Involvement in committees allows directors to deepen their knowledge of the organisation, become more actively engaged and fully utilise their experience. Additionally, the existence of committees can indicate to investors that the board is taking particular issues seriously.
Smaller companies may not benefit from a formal committee structure because their boards are often quite small and operations not as complex. Companies without an audit committee should have board processes in place which raise the issues that would otherwise be considered by the audit committee. If there is no audit committee, it is important that companies disclose how their alternative approach assures the integrity of the company’s financial statements and the independence of the external auditor and why an audit committee is not considered appropriate.
What is Required by Law and the Regulators?
Corporations Act 2001
Section 198D of the Corporations Act 2001 (‘the Act’) allows boards to delegate some of their powers to a committee of directors unless the company’s constitution disallows it. The delegation must be recorded in the minute book.
Section 190 provides that, when directors delegate a power under section 198D of the Act, they remain responsible for the exercise of the power by the delegate as if it had been exercised by the directors themselves. There is a limited exception where the director who delegates will not be held responsible if that director believed:
- On reasonable grounds at all times that the delegate would exercise the power in conformity with the duties imposed by the Act and the company's constitution; and
- On reasonable grounds and in good faith (and after making proper inquiries if the circumstances so required) that the delegate was reliable and competent in relation to the power delegated (see s 190(2) of the Act).
Section 189 gives authority for the rest of the board to reasonably rely on the information or advice given by a committee so long as it is independently assessed by the board and is relied upon in good faith. However, this delegation of authority does not lessen the board’s overall duties and responsibilities.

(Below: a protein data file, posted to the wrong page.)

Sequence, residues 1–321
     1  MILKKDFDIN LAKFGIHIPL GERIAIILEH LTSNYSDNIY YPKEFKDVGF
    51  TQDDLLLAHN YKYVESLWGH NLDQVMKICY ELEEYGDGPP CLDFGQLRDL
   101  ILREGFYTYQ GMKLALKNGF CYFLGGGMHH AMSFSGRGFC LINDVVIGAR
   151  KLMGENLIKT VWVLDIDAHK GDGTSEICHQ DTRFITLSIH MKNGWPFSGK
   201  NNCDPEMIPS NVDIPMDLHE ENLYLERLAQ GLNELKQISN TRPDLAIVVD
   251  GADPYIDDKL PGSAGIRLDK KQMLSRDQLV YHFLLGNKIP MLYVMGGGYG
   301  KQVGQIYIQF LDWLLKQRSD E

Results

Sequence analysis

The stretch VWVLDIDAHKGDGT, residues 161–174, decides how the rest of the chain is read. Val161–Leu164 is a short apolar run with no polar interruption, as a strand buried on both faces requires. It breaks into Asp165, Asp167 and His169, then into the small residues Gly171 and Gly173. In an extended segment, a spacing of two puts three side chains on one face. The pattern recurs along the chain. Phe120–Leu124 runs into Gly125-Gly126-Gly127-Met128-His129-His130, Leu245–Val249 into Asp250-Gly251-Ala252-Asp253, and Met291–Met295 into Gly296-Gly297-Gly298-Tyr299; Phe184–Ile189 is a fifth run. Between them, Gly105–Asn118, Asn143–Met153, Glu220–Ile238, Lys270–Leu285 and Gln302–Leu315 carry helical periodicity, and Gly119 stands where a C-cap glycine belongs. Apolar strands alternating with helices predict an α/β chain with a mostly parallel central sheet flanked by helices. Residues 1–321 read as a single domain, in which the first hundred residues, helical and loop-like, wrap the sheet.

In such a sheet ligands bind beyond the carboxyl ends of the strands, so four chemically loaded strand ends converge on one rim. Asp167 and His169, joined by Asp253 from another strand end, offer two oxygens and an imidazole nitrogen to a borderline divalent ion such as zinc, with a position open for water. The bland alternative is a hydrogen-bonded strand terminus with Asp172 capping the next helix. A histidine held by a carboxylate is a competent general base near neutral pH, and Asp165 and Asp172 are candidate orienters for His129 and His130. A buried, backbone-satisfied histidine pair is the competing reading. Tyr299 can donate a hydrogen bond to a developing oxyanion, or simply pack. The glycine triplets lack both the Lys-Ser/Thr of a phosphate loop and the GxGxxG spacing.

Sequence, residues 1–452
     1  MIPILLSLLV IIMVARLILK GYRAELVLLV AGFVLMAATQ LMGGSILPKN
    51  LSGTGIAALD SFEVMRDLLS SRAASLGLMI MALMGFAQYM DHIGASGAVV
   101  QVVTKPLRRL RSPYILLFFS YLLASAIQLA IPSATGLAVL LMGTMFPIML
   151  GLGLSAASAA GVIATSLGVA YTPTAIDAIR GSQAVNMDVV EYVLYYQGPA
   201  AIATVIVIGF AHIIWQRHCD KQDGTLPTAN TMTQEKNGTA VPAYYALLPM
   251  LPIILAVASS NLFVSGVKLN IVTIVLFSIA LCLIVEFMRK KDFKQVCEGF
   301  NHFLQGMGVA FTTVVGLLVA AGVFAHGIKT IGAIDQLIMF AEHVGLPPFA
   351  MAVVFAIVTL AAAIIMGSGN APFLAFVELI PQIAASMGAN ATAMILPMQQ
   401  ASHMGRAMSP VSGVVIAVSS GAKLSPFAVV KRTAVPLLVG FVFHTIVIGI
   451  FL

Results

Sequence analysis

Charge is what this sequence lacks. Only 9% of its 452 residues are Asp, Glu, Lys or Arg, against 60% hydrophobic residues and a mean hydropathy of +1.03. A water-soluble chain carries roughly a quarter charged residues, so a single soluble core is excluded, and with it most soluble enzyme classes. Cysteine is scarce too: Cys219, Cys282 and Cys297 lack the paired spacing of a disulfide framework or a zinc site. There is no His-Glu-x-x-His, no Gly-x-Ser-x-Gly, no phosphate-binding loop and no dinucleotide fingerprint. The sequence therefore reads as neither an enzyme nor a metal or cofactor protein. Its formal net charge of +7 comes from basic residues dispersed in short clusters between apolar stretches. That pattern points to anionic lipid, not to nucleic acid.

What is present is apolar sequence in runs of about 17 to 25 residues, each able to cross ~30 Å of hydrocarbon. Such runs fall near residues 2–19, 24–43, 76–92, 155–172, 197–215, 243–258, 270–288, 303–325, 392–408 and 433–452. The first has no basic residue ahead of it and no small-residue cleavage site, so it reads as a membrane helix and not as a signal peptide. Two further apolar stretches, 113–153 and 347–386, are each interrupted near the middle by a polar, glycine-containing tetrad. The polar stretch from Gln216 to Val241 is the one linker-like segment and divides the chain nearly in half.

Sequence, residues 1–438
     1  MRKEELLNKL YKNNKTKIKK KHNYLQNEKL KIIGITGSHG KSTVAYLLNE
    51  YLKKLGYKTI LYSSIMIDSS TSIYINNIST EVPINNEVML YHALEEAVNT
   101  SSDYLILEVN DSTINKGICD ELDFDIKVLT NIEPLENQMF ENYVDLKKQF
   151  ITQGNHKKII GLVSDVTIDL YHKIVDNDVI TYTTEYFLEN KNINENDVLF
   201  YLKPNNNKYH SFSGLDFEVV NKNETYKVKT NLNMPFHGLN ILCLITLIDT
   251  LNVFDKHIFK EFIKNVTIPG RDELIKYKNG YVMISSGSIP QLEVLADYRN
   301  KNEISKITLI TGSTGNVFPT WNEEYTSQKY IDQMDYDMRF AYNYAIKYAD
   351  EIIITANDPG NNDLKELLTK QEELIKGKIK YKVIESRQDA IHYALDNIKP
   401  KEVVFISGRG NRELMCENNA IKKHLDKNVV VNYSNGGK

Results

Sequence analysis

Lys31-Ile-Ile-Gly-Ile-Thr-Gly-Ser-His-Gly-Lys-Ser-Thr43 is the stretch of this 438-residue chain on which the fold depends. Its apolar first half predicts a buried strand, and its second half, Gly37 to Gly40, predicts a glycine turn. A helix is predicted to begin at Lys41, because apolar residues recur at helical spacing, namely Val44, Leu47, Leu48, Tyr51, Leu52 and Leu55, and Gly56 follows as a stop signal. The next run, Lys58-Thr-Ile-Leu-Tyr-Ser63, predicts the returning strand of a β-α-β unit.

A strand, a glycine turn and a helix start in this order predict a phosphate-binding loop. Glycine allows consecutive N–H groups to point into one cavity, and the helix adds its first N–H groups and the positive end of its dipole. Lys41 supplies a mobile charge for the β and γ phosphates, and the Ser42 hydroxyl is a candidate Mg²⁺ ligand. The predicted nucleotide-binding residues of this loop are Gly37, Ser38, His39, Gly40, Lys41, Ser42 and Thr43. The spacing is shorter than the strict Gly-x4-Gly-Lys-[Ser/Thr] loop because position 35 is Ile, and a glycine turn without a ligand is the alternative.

ASX Corporate Governance Council’s Corporate Governance Principles and Recommendations
The ASX Corporate Governance Council Corporate Governance Principles and Recommendations (‘the Principles’) call for boards to establish three committees – audit, remuneration and nomination – as a minimum. Each of these types of committees is discussed in more detail below.
The Principles work on an ‘if not, why not’ basis, meaning that they are generally not mandatory but listed companies who do not comply with them must explain in their annual report why they have not. The exceptions are that there are mandatory requirements in relation to certain audit committees and remuneration committees which are discussed below.
Each of these committees should have a charter clearly outlining their responsibilities. The Principles also provide guidance as to the information regarding the constitution of the committee and its activities that should be contained in the annual report.
Australian Prudential and Regulation Authority (APRA)
APRA is the prudential regulator of Australian financial services companies, whether listed or unlisted. It imposes Prudential Standards for authorised deposit taking institutions (for example, banks, building societies and credit unions) and general and life insurers as well as regulated superannuation funds. Key requirements of the Standards include the establishment of an audit committee and a remuneration committee.
More detail about the Prudential Standards can be found on APRA’s website1. It is important to note that the flexibility of the ASX CGC’s “if not, why not” approach is absent2.
What are the Most Common Committees?
Every board will have to decide for itself which committees will add most value to their organisation subject to the mandatory requirements discussed below. Committees may be of an ongoing nature like the audit committee, usually referred to as standing committees, or may be formed for a specific short term project or goal.
Audit, remuneration and nomination committees are the most common committees. Other committees may be necessary for organisations in specific industries, e.g. a resources company may have an environmental committee, an airline may have a safety committee, a charity may have a fund-raising committee.